8. It depends on what the artist does with the "found" pieces. Beethoven constructs a brilliant set of answers – in different keys and tempos – to a waltz in the "Diabelli Variations" and maybe not so brilliant with "God Save the Queen". John Coltrane, Charlie Parker and Johnny Griffin take bits of pop songs and make intricate msucial ribbons out of them. Picasso "steals" and "destructs" but completely combusts his sources. Pastiche in general doesn't seem to age well – the conceptual cracks begin to show. The "Appropriation" art of the 8o's (Sherrie Levine signing Walker Evans photos) – originally called "Scavenger Art" – looks pretty flat these days. In poetry T. S. Eliot seems to have become eclipsed by the wholly original Wallace Stevens. And in the end Schoenberg is more rewarding to listen to than Stravinsky. Joni Mitchell's comment on Dylan – a little like Mary McCarthy's on Lillian Hellman – is interesting in that she is a colleague of Bob Dylan's and knows the field from inside. She says, “His name and voice are fake. Everything about Bob is a deception.” Jonah Lehrer making up Dylan quotes, which might not be original in the first place, makes an rather amusing circle.
  9. Latest in the Bob Dylan Nobel Prize saga – about his SparkNotes like acceptance speech. https://www.nytimes.com/2017/06/14/arts/music/bob-dylan-nobel-lecture-sparknotes.html?rref=collection%2Fsectioncollection%2Farts&action=click&contentCollection=arts&region=rank&module=package&version=highlights&contentPlacement=6&pgtype=sectionfront&_r=0
  10. I saw Bugaku only once 20 years ago and it was one of the few Balanchine ballets I didn't like – Variations on a Porte et une Soupir was the other. It was too stylized – like the strangest Ikebana floral composition – and I have to admit I'm a bit prudish. (I didn't like the Cage but neither did Stravinsky, so.) Maybe I'd feel differently today. I do think if you put certain images on stage or on screen – even if the cavalry does come in and everyone is happy in the end, the images stay deep in the unconscious and somewhere give people permission to act badly. Macaulay asks, “Must works of art only depict people behaving correctly?” Not necessarily, but there's good taste, in the sense of a kind of moral good taste. But RaKU wasn't a Japanese story – like one by Ozu or Kawabata or even Mizoguchi – it was a Japanese news item choreographed by a Russian-American with a score borrowing from various ethnic and contemporary sources. Anyway I only brought it up because it was one I could immediately remember.
  11. Interestingly, in today's FT, Apollinaire Scherr makes this observation about "Decalogue": And this topic kinda ties in with our discussion some months ago about the potential violence in the purse snatching scene "Fancy Free." ... The unpleasant thing I've noticed most in contemporary ballets is how women are treated like furniture to be moved about – especially in Christopher Wheeldon's work, though in his case perhaps not out of misogyny as out of a lack of imagination, or maybe just recycling what's around. Balanchine sometimes uses women as devices like pencils with which describe arcs around the stage – in "LIebeslieder" and "Violin Concerto", but the woman always seems to be the one in control, and the one whose imagination the ballet is really about. RAkU has a rape scene in it involving a monk backed up by some sort of soldiers and the audience here in San Francisco seems to love it. In the 70s I think it would have been booed. We've regressed.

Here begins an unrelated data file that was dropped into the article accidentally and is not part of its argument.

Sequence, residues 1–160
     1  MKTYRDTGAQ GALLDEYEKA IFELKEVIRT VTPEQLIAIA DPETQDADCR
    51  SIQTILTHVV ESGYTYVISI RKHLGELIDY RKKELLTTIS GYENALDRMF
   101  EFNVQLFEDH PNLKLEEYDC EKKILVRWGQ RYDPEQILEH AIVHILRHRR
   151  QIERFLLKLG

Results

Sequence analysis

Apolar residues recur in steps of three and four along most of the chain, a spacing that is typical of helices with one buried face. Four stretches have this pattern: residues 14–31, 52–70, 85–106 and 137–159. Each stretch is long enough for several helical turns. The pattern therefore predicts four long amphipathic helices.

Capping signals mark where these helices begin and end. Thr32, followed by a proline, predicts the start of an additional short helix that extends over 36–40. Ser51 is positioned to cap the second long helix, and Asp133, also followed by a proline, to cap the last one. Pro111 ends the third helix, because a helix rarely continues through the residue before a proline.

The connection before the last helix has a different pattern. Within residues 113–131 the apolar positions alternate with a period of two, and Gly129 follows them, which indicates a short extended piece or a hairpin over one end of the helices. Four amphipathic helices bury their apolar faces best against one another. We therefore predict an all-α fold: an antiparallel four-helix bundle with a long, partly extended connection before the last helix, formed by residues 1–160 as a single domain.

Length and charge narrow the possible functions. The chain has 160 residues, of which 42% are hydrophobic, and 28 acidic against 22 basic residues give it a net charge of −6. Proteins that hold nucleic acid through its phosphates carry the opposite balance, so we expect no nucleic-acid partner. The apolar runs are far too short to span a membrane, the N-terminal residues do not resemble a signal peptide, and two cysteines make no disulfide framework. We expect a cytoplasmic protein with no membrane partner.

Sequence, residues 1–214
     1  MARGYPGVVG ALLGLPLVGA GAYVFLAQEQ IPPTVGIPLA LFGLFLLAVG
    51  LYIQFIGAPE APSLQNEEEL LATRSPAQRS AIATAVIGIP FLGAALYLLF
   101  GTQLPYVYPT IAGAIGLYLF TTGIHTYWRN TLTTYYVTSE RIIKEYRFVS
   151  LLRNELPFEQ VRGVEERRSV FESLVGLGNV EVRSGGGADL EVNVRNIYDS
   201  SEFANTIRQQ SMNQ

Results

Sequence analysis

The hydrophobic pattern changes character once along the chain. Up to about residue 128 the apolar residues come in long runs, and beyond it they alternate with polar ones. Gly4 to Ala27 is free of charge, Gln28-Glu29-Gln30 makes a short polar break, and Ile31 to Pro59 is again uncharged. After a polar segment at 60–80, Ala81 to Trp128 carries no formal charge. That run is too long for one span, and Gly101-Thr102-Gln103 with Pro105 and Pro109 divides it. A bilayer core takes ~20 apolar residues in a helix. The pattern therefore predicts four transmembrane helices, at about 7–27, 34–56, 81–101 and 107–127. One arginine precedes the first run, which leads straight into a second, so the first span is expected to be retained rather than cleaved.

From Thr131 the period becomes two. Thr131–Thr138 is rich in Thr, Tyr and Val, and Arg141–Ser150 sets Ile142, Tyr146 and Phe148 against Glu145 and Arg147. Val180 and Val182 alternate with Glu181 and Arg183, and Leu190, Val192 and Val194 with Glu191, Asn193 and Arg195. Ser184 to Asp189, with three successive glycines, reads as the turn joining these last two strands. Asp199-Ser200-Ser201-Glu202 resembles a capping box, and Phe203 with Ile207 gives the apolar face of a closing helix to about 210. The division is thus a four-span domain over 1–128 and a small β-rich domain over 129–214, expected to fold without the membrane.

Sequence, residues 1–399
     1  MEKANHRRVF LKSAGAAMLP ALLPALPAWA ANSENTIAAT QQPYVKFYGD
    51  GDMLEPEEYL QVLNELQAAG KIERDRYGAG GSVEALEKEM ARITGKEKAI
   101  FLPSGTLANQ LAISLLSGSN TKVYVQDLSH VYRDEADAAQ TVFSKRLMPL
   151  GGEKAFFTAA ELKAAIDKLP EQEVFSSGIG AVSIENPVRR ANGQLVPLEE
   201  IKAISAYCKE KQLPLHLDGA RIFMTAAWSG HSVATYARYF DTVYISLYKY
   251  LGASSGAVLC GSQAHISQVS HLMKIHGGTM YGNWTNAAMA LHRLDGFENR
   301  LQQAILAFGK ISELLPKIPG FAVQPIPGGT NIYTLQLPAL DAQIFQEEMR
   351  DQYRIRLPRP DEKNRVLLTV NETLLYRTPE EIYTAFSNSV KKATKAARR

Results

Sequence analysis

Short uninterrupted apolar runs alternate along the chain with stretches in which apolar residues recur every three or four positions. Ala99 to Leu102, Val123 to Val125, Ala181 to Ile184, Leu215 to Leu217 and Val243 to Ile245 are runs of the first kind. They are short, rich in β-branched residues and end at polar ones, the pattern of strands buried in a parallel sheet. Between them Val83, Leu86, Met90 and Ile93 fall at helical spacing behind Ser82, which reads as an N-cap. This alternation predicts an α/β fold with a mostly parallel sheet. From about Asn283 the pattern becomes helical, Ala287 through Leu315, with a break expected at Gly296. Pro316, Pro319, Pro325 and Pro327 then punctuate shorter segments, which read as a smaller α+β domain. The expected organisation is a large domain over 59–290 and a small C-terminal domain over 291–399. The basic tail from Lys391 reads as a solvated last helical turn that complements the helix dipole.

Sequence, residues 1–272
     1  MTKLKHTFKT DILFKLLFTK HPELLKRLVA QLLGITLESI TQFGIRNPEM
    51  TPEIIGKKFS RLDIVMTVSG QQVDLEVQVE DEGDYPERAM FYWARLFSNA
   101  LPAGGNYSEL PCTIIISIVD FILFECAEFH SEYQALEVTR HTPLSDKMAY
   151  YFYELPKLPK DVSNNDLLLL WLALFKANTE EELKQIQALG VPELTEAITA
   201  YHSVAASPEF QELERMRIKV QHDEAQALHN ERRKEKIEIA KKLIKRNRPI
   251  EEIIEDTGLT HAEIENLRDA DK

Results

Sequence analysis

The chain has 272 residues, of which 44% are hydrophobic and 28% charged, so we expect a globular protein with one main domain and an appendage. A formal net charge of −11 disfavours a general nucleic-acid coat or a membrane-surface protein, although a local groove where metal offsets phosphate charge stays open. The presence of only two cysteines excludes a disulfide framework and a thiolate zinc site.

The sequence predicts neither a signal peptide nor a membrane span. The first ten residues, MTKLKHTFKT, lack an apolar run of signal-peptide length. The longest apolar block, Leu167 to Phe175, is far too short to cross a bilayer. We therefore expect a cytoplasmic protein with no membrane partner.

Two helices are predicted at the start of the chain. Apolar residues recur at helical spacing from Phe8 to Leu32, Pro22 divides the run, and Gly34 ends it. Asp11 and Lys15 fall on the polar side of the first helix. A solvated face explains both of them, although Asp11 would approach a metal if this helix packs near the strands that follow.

12. Thanks for the reports, Jack – it's a pleasure reading about these ballets and performances and reconstructing them in your mind's eye.
  13. San Francisco Ballet has so many dancers coming from such different backgrounds that it was almost as if the Cuban and Spanish trained dancers and teachers gave it a bit of a center for a while. Taras Domitro it seemed came in to replace Gonzalo Garcia, the high spirited company favorite, who had left suddenly for New York City Ballet. Now the company feels like a bit of a patchwork again. What I liked about Domitro is his depth of concentration and his ability to lose himself in a character (though they weren't necessarily deep characters). His Melancholic in The Four Temperaments was perhaps the best interpretation I've seen anywhere. He was also terrific in Scotch Symphony, Symphony in C, in the Swimmer, in the duel scene of Onegin and as Benjamin in Cinderella – the first act where his mime (and sleights of hands) made him look like one of Mack Sennett's regulars. Here's a roll call of Cuban dancers of the class of 2004. Viengsay Valdez, Romel Frometa, Yoel Carreno are in Part 2, Carlos Quenedit is in Part 3: https://www.youtube.com/watch?v=1ImPpPZi7vo And a class with Loipa Araujo: https://www.youtube.com/watch?v=HN01x8UxosU
  14. My parenthetic comment was, and still is, that the community of Cuban dancers at San Francisco Ballet would be greatly diminished. With Boada, Feijoo and Quenedit gone, this makes three of four. Their presence, and the influence of Jorge Esquivel and Lola di Avila as teachers, added something special to the company.
  15. Nice suite of photos of Lisa F-P at Pace Macgill, also some of Penn's small trades. All good, but liked milkman especially. http://www.pacemacgill.com/selected_works.php?item=164